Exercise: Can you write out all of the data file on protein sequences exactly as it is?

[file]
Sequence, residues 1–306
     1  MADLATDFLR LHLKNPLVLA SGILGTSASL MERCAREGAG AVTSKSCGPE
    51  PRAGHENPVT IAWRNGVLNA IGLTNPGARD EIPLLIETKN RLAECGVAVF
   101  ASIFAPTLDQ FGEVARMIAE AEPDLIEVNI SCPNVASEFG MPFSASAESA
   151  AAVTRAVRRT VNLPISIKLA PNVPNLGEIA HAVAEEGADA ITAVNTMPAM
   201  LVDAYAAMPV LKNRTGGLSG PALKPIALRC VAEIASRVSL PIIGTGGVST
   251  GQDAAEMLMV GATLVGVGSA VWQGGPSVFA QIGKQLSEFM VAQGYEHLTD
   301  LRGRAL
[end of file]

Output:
Sequence, residues 1–306
     1  MADLATDFLR LHLKNPLVLA SGILGTSASL MERCAREGAG AVTSKSCGPE
    51  PRAGHENPVT IAWRNGVLNA IGLTNPGARD EIPLLIETKN RLAECGVAVF
   101  ASIFAPTLDQ FGEVARMIAE AEPDLIEVNI SCPNVASEFG MPFSASAESA
   151  AAVTRAVRRT VNLPISIKLA PNVPNLGEIA HAVAEEGADA ITAVNTMPAM
   201  LVDAYAAMPV LKNRTGGLSG PALKPIALRC VAEIASRVSL PIIGTGGVST
   251  GQDAAEMLMV GATLVGVGSA VWQGGPSVFA QIGKQLSEFM VAQGYEHLTD
   301  LRGRAL